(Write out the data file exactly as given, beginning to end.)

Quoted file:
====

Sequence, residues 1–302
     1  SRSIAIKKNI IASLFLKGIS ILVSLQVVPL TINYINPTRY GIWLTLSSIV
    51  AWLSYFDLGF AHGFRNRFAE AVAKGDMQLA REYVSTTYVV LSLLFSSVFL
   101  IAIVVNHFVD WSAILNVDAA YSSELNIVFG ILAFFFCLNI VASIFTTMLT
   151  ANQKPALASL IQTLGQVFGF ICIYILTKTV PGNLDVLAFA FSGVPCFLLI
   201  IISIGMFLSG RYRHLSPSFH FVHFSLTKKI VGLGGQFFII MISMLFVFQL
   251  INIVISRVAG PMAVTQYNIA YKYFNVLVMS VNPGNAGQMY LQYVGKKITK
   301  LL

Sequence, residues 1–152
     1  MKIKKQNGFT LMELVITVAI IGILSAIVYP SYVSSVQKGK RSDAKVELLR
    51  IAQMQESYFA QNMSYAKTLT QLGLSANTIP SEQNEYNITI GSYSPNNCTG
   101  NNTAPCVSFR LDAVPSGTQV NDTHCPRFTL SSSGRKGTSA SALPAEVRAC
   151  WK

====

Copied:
Sequence, residues 1–302
     1  SRSIAIKKNI IASLFLKGIS ILVSLQVVPL TINYINPTRY GIWLTLSSIV
    51  AWLSYFDLGF AHGFRNRFAE AVAKGDMQLA REYVSTTYVV LSLLFSSVFL
   101  IAIVVNHFVD WSAILNVDAA YSSELNIVFG ILAFFFCLNI VASIFTTMLT
   151  ANQKPALASL IQTLGQVFGF ICIYILTKTV PGNLDVLAFA FSGVPCFLLI
   201  IISIGMFLSG RYRHLSPSFH FVHFSLTKKI VGLGGQFFII MISMLFVFQL
   251  INIVISRVAG PMAVTQYNIA YKYFNVLVMS VNPGNAGQMY LQYVGKKITK
   301  LL

Sequence, residues 1–152
     1  MKIKKQNGFT LMELVITVAI IGILSAIVYP SYVSSVQKGK RSDAKVELLR
    51  IAQMQESYFA QNMSYAKTLT QLGLSANTIP SEQNEYNITI GSYSPNNCTG
   101  NNTAPCVSFR LDAVPSGTQV NDTHCPRFTL SSSGRKGTSA SALPAEVRAC
   151  WK